"V for Vendetta": Political point at knifepoint
Seattle Times staff reporter
And you thought "Good Night, and Good Luck" was overtly political.
It's safe to say they probably won't be passing the popcorn for "V for Vendetta" aboard Air Force One. The latest comic-to-screen adaptation is such a provocative statement that you'd never guess it came from the boneheads behind the last two "Matrix" movies. If suicide-bomber flick (and Oscar nominee) "Paradise Now" caused a stir, let the arguments begin for "V": Where's the line that separates a terrorist from a righteous rebel? And is it just the powers-that-be who define those terms?
When a young London woman named Evey (Natalie Portman) is about to be raped by three police thugs at night and after curfew, a masked vigilante dispatches them with some fancy knife-work and saves her — then takes her to a rooftop to watch the Old Bailey courthouse detonate as "The 1812 Overture" plays.
Batman this ain't. "V" (Hugo Weaving, aka "The Matrix's" Agent Smith), wears a smiling Guy Fawkes mask. As the movie conveniently explains for Americans who don't know history, Fawkes was the guy who got caught trying to blow Parliament to kingdom come on Nov. 5, 1605 — Guy Fawkes Day. While Fawkes wanted to end the persecution of Catholics, V wants to finish the job and stop the persecution of gays, Muslims, people who want to speak freely without being "black-bagged" by government thugs, and everyone who, as the movie puts it, has traded order and peace for obedient consent.
"V for Vendetta," with Natalie Portman, Hugo Weaving, Stephen Rea and John Hurt. Directed by James McTeigue from a script by the Wachowski brothers, based on the graphic novel illustrated by David Lloyd. 132 minutes. "R" for strong violence and some language. Several theaters.
To rally citizens, V walks into the state-run TV station with a DVD to broadcast, and explosives strapped to his chest. You can start to see how people might have been a little touchy about this movie, whose release was delayed following the London bombings last summer. (The studio denied that was the reason.) Anyhow, after Evey returns his favor and stops him from getting shot, she wakes up in his secret lair, a fugitive from police, not to mention lawyers from "Phantom of the Opera" who may note the similar scenario.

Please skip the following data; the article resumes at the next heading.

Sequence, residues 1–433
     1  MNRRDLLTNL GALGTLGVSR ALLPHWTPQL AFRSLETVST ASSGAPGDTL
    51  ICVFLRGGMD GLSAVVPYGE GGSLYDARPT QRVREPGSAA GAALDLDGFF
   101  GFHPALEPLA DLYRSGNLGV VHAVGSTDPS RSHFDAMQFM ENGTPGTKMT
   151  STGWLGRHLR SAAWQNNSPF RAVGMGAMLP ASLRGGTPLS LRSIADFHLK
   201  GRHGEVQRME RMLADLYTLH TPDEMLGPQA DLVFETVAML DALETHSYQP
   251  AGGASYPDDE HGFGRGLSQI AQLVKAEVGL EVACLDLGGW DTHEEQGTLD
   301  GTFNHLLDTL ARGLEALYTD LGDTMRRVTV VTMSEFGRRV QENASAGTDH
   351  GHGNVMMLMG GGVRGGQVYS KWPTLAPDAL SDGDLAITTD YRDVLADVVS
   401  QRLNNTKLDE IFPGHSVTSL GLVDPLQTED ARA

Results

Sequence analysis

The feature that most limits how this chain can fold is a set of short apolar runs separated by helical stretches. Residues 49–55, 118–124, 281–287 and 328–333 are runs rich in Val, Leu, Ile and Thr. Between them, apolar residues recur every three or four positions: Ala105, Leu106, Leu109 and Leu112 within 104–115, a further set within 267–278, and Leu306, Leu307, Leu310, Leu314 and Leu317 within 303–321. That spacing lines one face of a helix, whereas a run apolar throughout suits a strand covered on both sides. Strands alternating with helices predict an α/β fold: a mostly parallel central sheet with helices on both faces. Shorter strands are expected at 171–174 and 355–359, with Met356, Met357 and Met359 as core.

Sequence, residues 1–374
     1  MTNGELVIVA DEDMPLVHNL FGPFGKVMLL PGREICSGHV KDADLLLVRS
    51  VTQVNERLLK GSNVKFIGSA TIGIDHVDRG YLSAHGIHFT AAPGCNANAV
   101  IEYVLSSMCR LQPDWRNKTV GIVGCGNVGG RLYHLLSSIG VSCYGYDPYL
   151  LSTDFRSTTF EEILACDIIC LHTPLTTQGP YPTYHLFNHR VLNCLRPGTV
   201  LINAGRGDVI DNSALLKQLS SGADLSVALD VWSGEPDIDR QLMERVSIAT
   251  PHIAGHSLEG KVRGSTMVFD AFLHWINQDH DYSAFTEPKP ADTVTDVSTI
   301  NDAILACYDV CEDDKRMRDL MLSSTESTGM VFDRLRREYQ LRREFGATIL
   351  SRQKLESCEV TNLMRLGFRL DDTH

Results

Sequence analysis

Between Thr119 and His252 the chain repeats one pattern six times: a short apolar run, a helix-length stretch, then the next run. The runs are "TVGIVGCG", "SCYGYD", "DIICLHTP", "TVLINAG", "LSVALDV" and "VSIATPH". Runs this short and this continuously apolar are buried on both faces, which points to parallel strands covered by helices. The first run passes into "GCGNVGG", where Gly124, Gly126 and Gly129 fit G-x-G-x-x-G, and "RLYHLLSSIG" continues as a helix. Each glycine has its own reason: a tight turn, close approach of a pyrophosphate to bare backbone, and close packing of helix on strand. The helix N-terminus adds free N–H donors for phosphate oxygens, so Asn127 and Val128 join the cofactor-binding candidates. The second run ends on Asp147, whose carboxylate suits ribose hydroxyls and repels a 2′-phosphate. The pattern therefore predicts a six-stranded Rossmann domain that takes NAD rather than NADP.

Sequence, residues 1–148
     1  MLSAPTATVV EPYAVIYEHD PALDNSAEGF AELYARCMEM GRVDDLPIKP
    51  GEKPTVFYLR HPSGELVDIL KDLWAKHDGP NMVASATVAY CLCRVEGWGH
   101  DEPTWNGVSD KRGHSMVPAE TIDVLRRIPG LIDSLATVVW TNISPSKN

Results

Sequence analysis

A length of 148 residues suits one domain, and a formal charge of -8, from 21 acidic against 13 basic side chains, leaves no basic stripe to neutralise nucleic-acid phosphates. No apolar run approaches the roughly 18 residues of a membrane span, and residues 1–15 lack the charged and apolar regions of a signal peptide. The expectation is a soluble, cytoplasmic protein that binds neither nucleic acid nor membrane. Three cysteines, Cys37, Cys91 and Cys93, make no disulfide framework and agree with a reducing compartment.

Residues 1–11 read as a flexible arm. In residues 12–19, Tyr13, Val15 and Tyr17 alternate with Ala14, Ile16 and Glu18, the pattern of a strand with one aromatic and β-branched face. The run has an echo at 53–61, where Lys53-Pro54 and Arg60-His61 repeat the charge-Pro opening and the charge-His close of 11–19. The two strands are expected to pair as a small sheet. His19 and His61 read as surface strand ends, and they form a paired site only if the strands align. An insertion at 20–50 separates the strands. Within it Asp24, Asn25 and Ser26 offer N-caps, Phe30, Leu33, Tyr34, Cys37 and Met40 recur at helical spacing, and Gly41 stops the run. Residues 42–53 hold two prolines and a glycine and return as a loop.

There, they bond over the bummer of life in 2020: Government trucks do random audio sweeps. After "collateral" and "rendition" took on sinister meanings, " 'different' became dangerous." A "national security project" whose "true goal was power," and a religious regime with "no regard for the political process" led to government ruled by a Big Brother-like High Chancellor (John Hurt, who, by the way, played Winston Smith in "1984").
"I want everyone to remember why they need us!" the Chancellor shouts to his henchmen from a huge screen. Namely, convince them that they're continuously (and falsely) on the brink of chaos.
Don't you love escapist fantasy?
So is "V" a big, wet Valentine to W?
Comics genius Alan Moore wrote the story more than 20 years ago as a swipe at Thatcher-era England and set it in 1997. It's been updated.
And improved. This is the best adaptation to date of Moore's work, but that's not saying much. He stopped putting his name on or accepting filthy Hollywood lucre for films because of the awful "League of Extraordinary Gentlemen" (2003) and the tolerable "From Hell" (2001), which bore scant resemblance to its source.
"V" won't win the Subtlety in Film Award, but fans of '70s movies especially will recognize that it's hardly out of line with the tradition of speculative fiction during times of strife. The look and action are nifty enough to outweigh a little awkward pacing. Portman, despite evidence from the last "Star Wars" trilogy, can act. And it'll give all those gas-bags on talk radio something to argue about for weeks.
Mark Rahner: 206-464-8259 or email@example.com
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